Back in March, there was no vaccine, no test and trace, and very little knowledge of how best to manage this novel disease. Strong messaging of the kind that could alter behaviours was, at the outset of the pandemic, one of the few tools that we had in our arsenal in the battle against transmission. It followed that the Government Communication Service needed rapidly to assess which messages would have the greatest impact. We needed to turn campaigns around in lightning-quick time, and teams had to be surged to deal with the unprecedented demand for effective comms material. In dealing with such an unforeseen set of circumstances, few officials knew which messages would be sufficiently hard hitting to influence and, most importantly, to change public behaviour.

It was in that context that rapid decisions were made on comms contracts, including the one that was challenged in court. That was for Public First, a research and policy company. It was taken on, alongside BritainThinks, as one of two companies in the market deemed to have the scale, expertise and experience to provide focus-group testing in March. They were both rapidly diverted from existing work to take a snapshot of public reaction. That allowed us in government to test things such as the contain strategy, the early “Stop The Spread” campaign and the “Stay Home” message, which was deemed by the hon. Member for Hornsey and Wood Green in earlier comments to be a waste of money.

A legal challenge was brought against that contract, on three grounds: urgent procurement without competition; the proportionality of its award for six months; and inclusion of non-urgent work. We did not use money, as was suggested by other hon. Members, to cover up, but actually to find out what had happened, so that we could respond to that legal challenge. The judgment found in favour of the Government on two grounds: first, we were entitled to rely on the emergency procurement regulations because of extreme urgency; and, secondly, the terms of the contract, including length, were proportionate in the circumstances. The court ruled that the Government were entitled to award the contract on grounds of extreme urgency, in response to an unprecedented global pandemic. It recognised the very complex circumstances that we were operating in. It also recognised that a failure to provide effective comms would have put public health at risk.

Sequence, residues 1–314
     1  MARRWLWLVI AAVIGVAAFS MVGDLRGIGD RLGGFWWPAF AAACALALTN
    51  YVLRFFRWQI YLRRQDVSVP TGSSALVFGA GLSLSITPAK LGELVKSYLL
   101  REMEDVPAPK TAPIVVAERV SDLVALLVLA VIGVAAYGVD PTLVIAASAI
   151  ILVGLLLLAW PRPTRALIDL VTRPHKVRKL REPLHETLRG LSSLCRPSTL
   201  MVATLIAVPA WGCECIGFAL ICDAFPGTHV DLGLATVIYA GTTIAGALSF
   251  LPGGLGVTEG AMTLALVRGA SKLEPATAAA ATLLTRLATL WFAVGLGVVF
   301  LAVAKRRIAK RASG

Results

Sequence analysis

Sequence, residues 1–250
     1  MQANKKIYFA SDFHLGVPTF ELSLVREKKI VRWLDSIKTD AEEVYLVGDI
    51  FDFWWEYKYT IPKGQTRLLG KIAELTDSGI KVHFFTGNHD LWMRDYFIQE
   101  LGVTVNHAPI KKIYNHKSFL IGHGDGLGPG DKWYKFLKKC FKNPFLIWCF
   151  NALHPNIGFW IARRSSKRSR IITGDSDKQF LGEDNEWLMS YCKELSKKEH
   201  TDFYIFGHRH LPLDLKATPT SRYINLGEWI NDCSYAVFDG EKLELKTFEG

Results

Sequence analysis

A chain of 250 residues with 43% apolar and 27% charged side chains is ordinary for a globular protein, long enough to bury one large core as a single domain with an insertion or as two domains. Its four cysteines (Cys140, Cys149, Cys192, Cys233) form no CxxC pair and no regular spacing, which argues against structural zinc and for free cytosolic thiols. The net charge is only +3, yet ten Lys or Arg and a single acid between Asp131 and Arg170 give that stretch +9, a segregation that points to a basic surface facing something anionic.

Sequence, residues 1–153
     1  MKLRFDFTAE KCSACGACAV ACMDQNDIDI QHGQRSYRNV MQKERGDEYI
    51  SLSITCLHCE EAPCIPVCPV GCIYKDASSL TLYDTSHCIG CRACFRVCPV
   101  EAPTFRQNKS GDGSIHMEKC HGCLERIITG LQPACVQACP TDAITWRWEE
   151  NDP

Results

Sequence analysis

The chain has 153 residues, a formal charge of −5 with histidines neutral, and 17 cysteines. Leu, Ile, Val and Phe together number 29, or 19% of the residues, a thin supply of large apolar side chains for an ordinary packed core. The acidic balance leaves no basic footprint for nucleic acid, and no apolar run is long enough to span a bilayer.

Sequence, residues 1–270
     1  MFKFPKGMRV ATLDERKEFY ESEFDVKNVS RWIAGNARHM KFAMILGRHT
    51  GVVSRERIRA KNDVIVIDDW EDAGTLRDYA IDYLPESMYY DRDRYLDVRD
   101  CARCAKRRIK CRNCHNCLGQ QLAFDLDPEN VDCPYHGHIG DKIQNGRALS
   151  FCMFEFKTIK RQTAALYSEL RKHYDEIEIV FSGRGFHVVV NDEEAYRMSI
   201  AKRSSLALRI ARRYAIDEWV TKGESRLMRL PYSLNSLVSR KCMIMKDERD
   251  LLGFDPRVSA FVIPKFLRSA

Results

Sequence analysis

On the one remaining ground of “apparent bias”, the judgment makes it clear that the decision to award the contract was not due to any personal or professional connections, although consideration should have been given to other research agencies, and the process followed should have been more adequately demonstrated when it came to the objective criteria used to select the supplier. The judgment none the less makes it clear that there was no suggestion of actual bias.

We have done a lot of work to address some of the procedural issues that were raised by this case and which I have mentioned, because I had my own concerns about it. Our implementation of the Boardman recommendations, which I have already discussed, has addressed several areas raised in the judgment. I agree with the hon. Member for Jarrow about winding down the use of regulation 32 in comms, and I have done a lot of work in this area.

Ms Fovargue, I apologise for the length at which I have responded to some of the issues raised. These are important issues and ones that I personally want to ensure that the Government are addressing proactively. I am very keen that we also provide greater context for some of the criticisms and challenges brought. It is absolutely fair that the public would have questions on this, and I want to try to address some of those. I am very grateful for the valuable points raised by hon. Members in the course of this debate, but I want to assure people that the Government are taking decisive action to improve transparency around procurement, alongside a full inquiry into the covid pandemic next year.